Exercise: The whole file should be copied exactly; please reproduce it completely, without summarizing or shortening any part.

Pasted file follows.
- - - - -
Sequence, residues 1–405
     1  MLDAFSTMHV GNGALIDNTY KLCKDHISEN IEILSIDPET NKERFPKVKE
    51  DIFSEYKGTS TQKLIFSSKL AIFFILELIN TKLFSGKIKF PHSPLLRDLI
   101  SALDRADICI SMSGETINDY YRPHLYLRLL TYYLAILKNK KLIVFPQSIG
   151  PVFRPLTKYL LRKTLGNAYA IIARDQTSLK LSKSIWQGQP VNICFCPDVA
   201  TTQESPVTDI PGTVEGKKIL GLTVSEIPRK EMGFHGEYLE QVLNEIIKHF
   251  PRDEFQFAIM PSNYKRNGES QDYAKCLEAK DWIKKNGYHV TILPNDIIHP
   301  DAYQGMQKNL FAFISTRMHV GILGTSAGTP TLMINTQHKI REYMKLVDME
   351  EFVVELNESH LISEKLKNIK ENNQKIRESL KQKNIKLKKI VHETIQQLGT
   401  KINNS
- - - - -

Sequence, residues 1–405
     1  MLDAFSTMHV GNGALIDNTY KLCKDHISEN IEILSIDPET NKERFPKVKE
    51  DIFSEYKGTS TQKLIFSSKL AIFFILELIN TKLFSGKIKF PHSPLLRDLI
   101  SALDRADICI SMSGETINDY YRPHLYLRLL TYYLAILKNK KLIVFPQSIG
   151  PVFRPLTKYL LRKTLGNAYA IIARDQTSLK LSKSIWQGQP VNICFCPDVA
   201  TTQESPVTDI PGTVEGKKIL GLTVSEIPRK EMGFHGEYLE QVLNEIIKHF
   251  PRDEFQFAIM PSNYKRNGES QDYAKCLEAK DWIKKNGYHV TILPNDIIHP
   301  DAYQGMQKNL FAFISTRMHV GILGTSAGTP TLMINTQHKI REYMKLVDME
   351  EFVVELNESH LISEKLKNIK ENNQKIRESL KQKNIKLKKI VHETIQQLGT
   401  KINNS